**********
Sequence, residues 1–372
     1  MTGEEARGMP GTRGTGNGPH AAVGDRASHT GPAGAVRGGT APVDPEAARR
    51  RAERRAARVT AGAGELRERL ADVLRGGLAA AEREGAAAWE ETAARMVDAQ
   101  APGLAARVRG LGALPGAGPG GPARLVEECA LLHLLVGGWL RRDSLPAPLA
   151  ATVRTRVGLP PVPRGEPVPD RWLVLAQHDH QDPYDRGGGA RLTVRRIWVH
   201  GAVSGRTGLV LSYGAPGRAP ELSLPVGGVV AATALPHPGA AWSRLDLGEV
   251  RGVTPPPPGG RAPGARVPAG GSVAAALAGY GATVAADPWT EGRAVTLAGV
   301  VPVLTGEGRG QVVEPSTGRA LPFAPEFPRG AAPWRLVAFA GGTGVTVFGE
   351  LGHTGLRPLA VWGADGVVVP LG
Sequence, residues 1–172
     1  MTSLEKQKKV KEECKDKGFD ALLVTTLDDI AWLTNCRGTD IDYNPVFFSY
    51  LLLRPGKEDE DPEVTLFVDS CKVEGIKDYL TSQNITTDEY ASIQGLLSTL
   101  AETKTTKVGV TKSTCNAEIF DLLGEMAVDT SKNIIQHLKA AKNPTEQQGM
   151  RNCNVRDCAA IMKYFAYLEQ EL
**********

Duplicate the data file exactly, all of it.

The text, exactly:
Sequence, residues 1–372
     1  MTGEEARGMP GTRGTGNGPH AAVGDRASHT GPAGAVRGGT APVDPEAARR
    51  RAERRAARVT AGAGELRERL ADVLRGGLAA AEREGAAAWE ETAARMVDAQ
   101  APGLAARVRG LGALPGAGPG GPARLVEECA LLHLLVGGWL RRDSLPAPLA
   151  ATVRTRVGLP PVPRGEPVPD RWLVLAQHDH QDPYDRGGGA RLTVRRIWVH
   201  GAVSGRTGLV LSYGAPGRAP ELSLPVGGVV AATALPHPGA AWSRLDLGEV
   251  RGVTPPPPGG RAPGARVPAG GSVAAALAGY GATVAADPWT EGRAVTLAGV
   301  VPVLTGEGRG QVVEPSTGRA LPFAPEFPRG AAPWRLVAFA GGTGVTVFGE
   351  LGHTGLRPLA VWGADGVVVP LG
Sequence, residues 1–172
     1  MTSLEKQKKV KEECKDKGFD ALLVTTLDDI AWLTNCRGTD IDYNPVFFSY
    51  LLLRPGKEDE DPEVTLFVDS CKVEGIKDYL TSQNITTDEY ASIQGLLSTL
   101  AETKTTKVGV TKSTCNAEIF DLLGEMAVDT SKNIIQHLKA AKNPTEQQGM
   151  RNCNVRDCAA IMKYFAYLEQ EL